Previous work has examined pre-made (40,41) and home-produced fortified products (15) in LTC. These studies considered some issues such as sensory changes (15),  appropriateness of texture (15) and food habits and preferences of residents (42), areas of consideration consistent with this research.  Potential food vehicles mentioned by our participants were also similar to those used in previous studies, which included condiments (e.g. butter) (42), beverages (e.g. juice, milk) (43,44), snacks (e.g. cheese) (41), sides (e.g. bun) (40) and entrées (15). Yet the complexity of food fortification identified in this study, especially the process and procedural considerations required, have not been discussed in prior research. Efficacy of selected micronutrient fortification has been demonstrated (15,40–44) and examined using vitamin-only preparations (15) or targeted to specific health conditions (40), but effectiveness of a population-wide fortification strategy using many micronutrients is still required. Given the known low food intake in LTC (4,25), and potential inadequate micronutrient contents of LTC menus (1), this strategy is logical. Compliance with ONS and pill supplementation remains an issue in LTC, leaving room for alternative food-first micronutrient strategies. 

The results of this study provide a foundation for development of a food fortification strategy for LTC. Although generally considered acceptable and appropriate, all stakeholders desired information on the efficacy of this strategy and residents/family specifically noted that they would want to be informed of the micronutrients chosen in the fortification formula and have the option to opt out if desired. The LTC setting is unique in that the same food is offered to all residents. Thus, it is essential that the selected food vehicle be well-liked and consumed by all residents for this strategy to work. Findings suggest that a flexible approach to fortification, with variety in food products and ensuring that sensory qualities are maintained are necessary for stakeholders to consider the strategy as appropriate for LTC. Provision of micronutrient-fortified food options at each meal may increase the likelihood of residents accepting the fortified foods.  To be appropriate, the fortification strategy would need to be easy to implement with an accurate, foolproof procedure for staff to follow.  As a result, outsourced products were preferred as they overcome feasibility issues associated with consistency in preparation and thus safety, yet any product has to be cost-effective as food budgets are limited in LTC. Finally, once the strategy is developed, creation of effective protocols to train staff, along with tracking and monitoring residents’ intake of the food vehicle are needed.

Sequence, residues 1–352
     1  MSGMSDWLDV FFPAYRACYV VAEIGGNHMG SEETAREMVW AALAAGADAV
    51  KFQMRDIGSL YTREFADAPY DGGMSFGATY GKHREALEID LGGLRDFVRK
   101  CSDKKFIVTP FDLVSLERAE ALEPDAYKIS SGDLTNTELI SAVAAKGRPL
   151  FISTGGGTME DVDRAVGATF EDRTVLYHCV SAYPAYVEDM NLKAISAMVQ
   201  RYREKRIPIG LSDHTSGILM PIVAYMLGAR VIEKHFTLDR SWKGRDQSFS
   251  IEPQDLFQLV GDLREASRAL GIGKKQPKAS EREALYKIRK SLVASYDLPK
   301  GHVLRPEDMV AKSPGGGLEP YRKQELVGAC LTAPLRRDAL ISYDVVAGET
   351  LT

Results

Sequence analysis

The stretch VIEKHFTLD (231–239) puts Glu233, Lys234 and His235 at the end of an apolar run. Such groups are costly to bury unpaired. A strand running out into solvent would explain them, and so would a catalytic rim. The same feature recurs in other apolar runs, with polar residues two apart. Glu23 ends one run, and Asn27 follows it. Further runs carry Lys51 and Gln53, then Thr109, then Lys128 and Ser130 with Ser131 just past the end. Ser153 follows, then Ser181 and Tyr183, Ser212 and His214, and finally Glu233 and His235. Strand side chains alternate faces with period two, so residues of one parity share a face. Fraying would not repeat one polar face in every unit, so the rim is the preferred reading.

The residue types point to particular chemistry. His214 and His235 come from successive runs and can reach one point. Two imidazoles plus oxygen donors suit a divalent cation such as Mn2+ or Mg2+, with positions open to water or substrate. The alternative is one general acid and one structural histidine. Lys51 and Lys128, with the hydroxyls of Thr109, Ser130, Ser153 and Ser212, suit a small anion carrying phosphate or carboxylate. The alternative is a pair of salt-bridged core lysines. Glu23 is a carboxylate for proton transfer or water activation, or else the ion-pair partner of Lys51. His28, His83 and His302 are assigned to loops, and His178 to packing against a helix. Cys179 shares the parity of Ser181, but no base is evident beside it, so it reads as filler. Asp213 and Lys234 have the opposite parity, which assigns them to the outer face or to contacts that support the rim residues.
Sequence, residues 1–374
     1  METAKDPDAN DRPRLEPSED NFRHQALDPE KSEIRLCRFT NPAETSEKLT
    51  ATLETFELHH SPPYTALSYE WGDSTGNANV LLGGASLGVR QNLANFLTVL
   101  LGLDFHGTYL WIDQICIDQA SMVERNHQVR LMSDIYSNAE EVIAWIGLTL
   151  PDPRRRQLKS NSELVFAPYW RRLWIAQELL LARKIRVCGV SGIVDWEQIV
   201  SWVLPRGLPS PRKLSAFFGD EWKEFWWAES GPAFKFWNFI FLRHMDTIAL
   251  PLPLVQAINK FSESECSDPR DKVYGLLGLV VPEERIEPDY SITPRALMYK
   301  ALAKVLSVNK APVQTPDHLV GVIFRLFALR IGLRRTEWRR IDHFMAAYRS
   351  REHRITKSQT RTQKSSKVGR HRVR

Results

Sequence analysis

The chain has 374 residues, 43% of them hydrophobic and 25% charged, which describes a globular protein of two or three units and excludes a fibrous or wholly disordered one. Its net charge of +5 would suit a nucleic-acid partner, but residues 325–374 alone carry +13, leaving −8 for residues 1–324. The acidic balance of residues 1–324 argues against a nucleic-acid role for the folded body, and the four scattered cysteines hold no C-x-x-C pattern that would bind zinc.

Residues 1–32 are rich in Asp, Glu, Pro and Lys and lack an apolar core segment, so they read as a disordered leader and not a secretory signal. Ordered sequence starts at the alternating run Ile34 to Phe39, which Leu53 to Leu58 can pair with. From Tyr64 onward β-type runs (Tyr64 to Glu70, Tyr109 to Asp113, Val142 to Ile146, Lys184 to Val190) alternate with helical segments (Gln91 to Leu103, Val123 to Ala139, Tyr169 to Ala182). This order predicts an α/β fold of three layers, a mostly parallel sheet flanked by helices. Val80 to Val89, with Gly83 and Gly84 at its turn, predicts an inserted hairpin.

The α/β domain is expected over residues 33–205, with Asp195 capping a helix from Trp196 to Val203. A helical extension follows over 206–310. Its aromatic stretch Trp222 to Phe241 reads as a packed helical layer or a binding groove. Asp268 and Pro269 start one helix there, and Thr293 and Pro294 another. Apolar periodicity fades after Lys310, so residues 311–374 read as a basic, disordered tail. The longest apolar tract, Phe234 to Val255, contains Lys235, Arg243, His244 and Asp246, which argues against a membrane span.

This study used multiple methods to gather input from diverse participants and is the first published report focused on acceptability testing of a food-related intervention for LTC; yet it had some challenges and limitations.  Online focus groups in the literature are largely done as chat-forums (45) and lack the immediate feedback component that in-person focus groups provide (46). Webinar focus groups are an innovative technique for research, allowing for real-time conference and voice discussions, while facilitating ease of participation for those in geographically separate locations. One suggestion for future studies using webinar focus groups is to limit group size to 3-5 participants to promote participation in the discussion and reduce crosstalk. Focus groups with similar participant composition (e.g. all dietitians) may also minimize power imbalance and allow participants to speak more openly (28). Voice-only webinars may be beneficial as webinars may be seen as less threatening than face-to-face, providing a sense of detachment/remoteness that allows participant to freely divulge information (29,47). Participants (84%) provided feedback on the webinar technology, process and content through an anonymous feedback questionnaire. Participants’ main concerns were regarding voice delay/overlaps. Suggestions for improvement include: using phones over computers (better clarity), including type-in chatting (to capture all comments), having test/practice sessions, and additional cueing/direction from facilitators.